“Get into Blogging”
On and off I’ve kept ramshackle blogs for nearly 20 years. Lots have been lost to the digital dustbin of time but a few still haunt the net in subfolders of websites and in places like blogspot or tumblr. I’ve not been good at maintaining a regular blog though and recently my Instagram feed – mostly photos of my children plus random things I buy like comics – has been my sole output. Even twitter has ended up as nothing more than the occasional retweet of Instagram.
I’m challenging myself to do better this year – especially in terms of blogging about education. Many of the teachers I admire blog as a means of reflecting on their practice, sharing success or challenging assumptions.
Several things have triggered setting up this blog. Foremost is that I’m feeling a little “lost” in terms of my practice as a classroom teacher of English and need to think about what I’m doing more. After Christmas I should be starting an MA and it’ll be good to keep as an online journal of sorts. As an assistant head I’m involved in managing strategies that have a direct effect on teaching and school organisation. I’m also about to embark on some “action research” training. There’s also my never-ending attempts to improve productivity which need refreshing. Mostly, it’s about developing a habit of discipline in reflecting on my practice qualitarively.
The direct trigger for this blog was an article, Get into Blogging, in the 6 March edition of the PiXL6 is newsletter. I found it as I was sorting through papers at the start of the half-term holiday. It’s actually a very good introduction to the why and how of blogging for teachers who’ve not ever tried. It gives a handful of blogs to check out and advice about what to write about, where to host and links to places where bloggers can promote their writing. The emphasis is on contributing to an online community, but for me, it’s this part of the article that reveals the most impactful aspect of blogging:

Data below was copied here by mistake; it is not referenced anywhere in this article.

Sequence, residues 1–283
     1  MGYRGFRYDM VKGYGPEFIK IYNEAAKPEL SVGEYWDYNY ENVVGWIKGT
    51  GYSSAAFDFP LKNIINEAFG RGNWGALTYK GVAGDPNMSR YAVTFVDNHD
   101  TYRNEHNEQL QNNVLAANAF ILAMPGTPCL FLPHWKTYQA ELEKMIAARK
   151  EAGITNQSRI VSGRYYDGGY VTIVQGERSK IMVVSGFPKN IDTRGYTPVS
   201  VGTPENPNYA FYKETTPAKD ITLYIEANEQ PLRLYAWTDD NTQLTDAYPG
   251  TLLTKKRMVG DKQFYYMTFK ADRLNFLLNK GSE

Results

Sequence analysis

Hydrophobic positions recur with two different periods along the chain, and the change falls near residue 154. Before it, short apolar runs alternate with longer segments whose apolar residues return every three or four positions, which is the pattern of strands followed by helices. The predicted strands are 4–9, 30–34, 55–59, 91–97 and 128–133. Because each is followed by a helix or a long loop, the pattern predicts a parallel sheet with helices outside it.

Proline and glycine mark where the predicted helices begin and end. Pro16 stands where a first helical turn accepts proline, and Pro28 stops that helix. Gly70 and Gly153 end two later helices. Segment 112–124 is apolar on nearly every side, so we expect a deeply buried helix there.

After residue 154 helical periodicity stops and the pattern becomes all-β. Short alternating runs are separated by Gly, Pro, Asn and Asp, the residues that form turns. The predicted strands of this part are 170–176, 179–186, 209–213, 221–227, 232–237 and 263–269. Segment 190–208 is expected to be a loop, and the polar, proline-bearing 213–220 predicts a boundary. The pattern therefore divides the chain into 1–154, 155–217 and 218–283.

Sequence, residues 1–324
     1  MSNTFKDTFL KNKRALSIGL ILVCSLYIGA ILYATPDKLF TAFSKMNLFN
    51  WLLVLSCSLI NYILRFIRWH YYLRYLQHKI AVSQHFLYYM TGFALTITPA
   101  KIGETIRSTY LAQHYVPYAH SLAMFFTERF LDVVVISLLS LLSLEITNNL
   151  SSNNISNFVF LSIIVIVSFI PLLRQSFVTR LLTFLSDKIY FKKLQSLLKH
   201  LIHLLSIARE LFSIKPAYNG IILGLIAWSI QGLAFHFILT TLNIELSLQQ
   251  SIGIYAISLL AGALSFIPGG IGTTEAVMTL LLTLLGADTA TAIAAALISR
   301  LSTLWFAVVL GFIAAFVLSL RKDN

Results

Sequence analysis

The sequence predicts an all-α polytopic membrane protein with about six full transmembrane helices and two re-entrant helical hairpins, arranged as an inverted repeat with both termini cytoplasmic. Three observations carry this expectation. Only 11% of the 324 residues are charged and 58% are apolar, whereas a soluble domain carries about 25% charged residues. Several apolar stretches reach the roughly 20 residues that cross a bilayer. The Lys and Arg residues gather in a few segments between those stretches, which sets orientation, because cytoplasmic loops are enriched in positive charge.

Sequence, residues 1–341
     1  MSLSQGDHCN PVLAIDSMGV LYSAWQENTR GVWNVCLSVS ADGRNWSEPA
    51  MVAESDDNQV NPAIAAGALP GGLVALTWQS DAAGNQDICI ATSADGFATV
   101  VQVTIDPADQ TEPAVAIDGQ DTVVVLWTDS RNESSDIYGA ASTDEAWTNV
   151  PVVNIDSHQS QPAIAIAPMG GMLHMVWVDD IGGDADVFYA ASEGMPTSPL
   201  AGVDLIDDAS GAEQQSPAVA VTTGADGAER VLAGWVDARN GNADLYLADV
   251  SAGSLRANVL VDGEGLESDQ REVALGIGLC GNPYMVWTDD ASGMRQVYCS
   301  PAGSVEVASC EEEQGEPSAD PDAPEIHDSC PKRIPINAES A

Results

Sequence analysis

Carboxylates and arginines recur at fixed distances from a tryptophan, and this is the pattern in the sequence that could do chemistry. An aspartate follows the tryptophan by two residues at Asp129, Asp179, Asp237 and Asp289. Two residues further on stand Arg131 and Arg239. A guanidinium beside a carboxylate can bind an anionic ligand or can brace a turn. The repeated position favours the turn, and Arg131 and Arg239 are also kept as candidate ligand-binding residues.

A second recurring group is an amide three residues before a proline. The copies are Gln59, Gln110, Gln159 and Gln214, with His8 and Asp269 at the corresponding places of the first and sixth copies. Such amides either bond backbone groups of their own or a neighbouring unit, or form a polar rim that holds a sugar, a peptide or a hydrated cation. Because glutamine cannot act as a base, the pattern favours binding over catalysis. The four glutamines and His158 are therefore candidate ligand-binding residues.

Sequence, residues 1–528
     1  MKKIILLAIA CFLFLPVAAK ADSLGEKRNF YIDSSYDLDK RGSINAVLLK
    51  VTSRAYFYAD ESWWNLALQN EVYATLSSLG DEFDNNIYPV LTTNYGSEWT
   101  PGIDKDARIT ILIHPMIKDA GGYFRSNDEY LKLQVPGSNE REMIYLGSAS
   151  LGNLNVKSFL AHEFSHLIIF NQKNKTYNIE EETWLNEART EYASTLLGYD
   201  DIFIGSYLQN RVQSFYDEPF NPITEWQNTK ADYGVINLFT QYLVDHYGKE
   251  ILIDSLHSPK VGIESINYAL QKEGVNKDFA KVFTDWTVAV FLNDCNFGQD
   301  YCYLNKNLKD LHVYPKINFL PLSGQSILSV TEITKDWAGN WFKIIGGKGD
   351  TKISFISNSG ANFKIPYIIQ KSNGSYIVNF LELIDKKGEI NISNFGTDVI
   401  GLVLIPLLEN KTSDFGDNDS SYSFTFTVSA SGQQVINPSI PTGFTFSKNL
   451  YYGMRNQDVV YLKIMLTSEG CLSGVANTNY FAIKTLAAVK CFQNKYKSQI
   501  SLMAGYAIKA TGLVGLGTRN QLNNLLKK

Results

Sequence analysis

…[blogging] provides the ideal format to help transform initial ideas into concrete plans. The very act of writing can help to clarify thinking and, more importantly, to identify possible issues with regards to the implementation of a new strategy, whether this is within the confines of the classroom, or from the point of view of a leader, looking at the impact of change across a school as a whole. Taking the trouble in the short term to write out some thoughts about a forthcoming idea for school improvement can save valuable time and stress in the long term, when it is not always possible to undo something that the process of writing could have helped identify and overcome.
Why Not the Classroom as the name of the blog? It’s drawn from a piece in The Guardian by the writer Michael Morpurgo. He discusses his “voyage through many classrooms” until he argues that “It’s the teacher that makes the difference, not the classroom.” Morpurgo believes that for many children regular school classrooms don’t provide enough education. Elsewhere he champions the cause of enthusing, inspiring and engaging children in learning – particularly in terms of encouraging reading. It’s something I believe fundamentally: effective teaching can’t be reduced to a series of techniques or classroom “tools” (though I don’t want to downplay their importance), it’s more about an attitude of enthusiasm and the up-beat energy that is transmitted to the learner. The name also reminds me of Not the Nine O’Clock News comedy show from the early eighties. Which made me laugh.